Adolescents’ Attachment Security Predicts Compliance During COVID-19
We have known for a long time that attachment security is a protective factor in the face of stress. Coulombe & Yates (2021) published “Adolescents’ Attachment Security Predicts Compliance During the COVID-19 Pandemic” in Child Development. They examined relations among attachment, mental health, and prosocial and health protective responses to the COVID-19 pandemic. Media reports often note that adolescents have exacerbated the pandemic by socializing and partying which may relate, in turn, to adolescent egocentrism, perceived invincibility, and risk-taking behavior. However, Coulombe and Yates note that, “prosocial behavior requires some element of risk (e.g., approaching others, even in kindness, may eventuate in social rejection), and the same neural changes that underlie adolescent risk taking behavior also promote prosocial behavior.”
Attachment security is associated with the concept of safe haven. The sensitive and responsive caregiving provided by parents fosters capacities for self-regulation in that the child knows that it is okay to venture out but there is a safe haven to which you can return. Not surprisingly, attachment security is related to elements of prosocial behavior including perspective-taking and empathy as well as positive mental health outcomes. Coulombe and Yates worked with a longitudinal sample which provides the benefit of testing before the pandemic began. They found that:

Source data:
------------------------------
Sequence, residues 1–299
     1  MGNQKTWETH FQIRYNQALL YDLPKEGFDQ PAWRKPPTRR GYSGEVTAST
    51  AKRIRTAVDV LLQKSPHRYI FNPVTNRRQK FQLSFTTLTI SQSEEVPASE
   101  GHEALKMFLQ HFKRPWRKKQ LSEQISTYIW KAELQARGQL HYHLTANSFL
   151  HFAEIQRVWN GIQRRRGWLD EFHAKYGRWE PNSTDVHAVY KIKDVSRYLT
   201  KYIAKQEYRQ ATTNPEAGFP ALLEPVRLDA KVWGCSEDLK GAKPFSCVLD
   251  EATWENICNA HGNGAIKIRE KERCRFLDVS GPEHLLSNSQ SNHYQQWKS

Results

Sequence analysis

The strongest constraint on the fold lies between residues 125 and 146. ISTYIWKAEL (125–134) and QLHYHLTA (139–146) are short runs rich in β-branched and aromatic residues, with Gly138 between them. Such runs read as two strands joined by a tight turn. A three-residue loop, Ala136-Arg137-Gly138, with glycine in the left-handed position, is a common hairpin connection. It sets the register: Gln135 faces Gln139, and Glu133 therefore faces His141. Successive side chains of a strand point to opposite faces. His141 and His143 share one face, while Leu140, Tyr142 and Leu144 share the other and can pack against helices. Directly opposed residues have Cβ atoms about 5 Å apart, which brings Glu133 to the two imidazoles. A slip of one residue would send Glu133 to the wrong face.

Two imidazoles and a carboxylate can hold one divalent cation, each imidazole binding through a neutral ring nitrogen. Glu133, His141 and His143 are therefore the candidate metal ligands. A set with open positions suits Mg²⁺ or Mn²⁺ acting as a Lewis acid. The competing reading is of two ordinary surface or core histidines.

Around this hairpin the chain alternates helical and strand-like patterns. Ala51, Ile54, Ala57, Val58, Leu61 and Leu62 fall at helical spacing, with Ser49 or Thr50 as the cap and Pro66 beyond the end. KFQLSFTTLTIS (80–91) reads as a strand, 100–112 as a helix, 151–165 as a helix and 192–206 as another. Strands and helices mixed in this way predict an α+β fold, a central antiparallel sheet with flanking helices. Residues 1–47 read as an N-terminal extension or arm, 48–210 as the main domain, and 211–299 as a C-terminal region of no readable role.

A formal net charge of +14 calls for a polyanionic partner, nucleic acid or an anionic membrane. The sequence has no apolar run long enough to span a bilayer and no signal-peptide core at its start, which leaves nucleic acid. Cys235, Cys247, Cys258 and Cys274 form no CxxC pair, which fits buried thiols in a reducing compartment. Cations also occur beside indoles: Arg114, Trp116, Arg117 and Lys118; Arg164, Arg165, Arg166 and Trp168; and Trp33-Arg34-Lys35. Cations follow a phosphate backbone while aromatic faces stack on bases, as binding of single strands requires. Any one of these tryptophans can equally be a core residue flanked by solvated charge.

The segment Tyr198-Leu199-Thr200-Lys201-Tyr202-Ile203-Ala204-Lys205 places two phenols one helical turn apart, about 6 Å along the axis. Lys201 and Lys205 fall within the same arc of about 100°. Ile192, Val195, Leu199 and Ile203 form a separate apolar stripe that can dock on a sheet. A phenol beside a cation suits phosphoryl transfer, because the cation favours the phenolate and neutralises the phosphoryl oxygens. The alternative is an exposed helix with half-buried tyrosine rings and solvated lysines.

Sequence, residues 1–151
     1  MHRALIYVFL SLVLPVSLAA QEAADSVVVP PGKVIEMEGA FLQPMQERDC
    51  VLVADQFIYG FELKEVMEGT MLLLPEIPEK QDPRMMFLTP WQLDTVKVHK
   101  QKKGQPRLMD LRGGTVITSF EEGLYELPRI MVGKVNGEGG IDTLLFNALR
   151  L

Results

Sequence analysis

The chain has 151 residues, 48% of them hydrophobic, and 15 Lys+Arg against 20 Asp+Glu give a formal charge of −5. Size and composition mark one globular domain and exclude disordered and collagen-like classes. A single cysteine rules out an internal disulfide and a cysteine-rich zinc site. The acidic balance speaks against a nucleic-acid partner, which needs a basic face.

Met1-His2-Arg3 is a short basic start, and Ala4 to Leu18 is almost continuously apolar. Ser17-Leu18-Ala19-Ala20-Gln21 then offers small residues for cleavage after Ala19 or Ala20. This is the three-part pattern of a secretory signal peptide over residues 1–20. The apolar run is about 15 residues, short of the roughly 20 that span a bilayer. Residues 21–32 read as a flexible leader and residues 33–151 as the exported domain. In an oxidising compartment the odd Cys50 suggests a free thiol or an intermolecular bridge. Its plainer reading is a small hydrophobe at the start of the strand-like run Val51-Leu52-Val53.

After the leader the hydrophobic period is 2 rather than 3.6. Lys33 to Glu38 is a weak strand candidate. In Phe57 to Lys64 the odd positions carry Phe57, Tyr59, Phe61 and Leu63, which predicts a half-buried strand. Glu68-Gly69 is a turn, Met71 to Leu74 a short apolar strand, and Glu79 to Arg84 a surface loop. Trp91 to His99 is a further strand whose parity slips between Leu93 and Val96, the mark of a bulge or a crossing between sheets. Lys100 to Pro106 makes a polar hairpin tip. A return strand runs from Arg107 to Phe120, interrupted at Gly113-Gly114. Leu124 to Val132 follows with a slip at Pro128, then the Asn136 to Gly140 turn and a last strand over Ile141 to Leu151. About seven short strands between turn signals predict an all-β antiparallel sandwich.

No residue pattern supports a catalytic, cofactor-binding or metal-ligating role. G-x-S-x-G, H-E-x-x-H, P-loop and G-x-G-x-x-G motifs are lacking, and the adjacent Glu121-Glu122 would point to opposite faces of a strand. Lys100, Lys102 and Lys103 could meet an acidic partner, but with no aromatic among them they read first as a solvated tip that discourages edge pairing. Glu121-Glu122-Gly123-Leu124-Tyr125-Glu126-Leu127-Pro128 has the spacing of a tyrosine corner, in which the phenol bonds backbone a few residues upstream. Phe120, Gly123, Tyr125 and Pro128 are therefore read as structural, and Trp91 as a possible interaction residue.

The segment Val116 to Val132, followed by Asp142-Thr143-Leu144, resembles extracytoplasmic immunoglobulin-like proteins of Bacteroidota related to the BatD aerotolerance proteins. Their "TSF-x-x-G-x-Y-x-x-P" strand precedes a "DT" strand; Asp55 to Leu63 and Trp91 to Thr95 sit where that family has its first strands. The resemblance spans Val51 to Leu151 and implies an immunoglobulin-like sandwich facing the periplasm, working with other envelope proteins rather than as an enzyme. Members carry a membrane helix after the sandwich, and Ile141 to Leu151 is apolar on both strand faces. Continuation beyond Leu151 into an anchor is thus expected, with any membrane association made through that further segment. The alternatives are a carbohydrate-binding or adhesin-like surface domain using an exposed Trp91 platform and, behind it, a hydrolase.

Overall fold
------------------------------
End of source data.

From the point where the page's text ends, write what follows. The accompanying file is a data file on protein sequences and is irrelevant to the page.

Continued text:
Adolescents who reported more secure attachment relationships at age 12 evidenced smaller-than-expected increases in mental health symptoms from age 14 (prior to the pandemic) to age 15 (during the first phase of U.S. pandemic). Moreover, attachment security predicted increased prosocial and health protective behaviors during the first weeks of the pandemic, and these relations were mediated by the promotive effect of attachment security on adolescents’ mental health responses to the pandemic.
The study was limited to the early phase of the pandemic but is a helpful extension of the attachment literature. In another recent study, Waters et al. (2021) find support for the prototype theory of attachment — the notion that the early parent-child relationship is the prototype for understanding future relationships. Yet, roughly 30% or so of individuals change their attachment status between childhood and adulthood, suggesting that interventions to address attachment distress may be especially important before adolescence so as to buffer the inevitable stressors encountered during the teen years.
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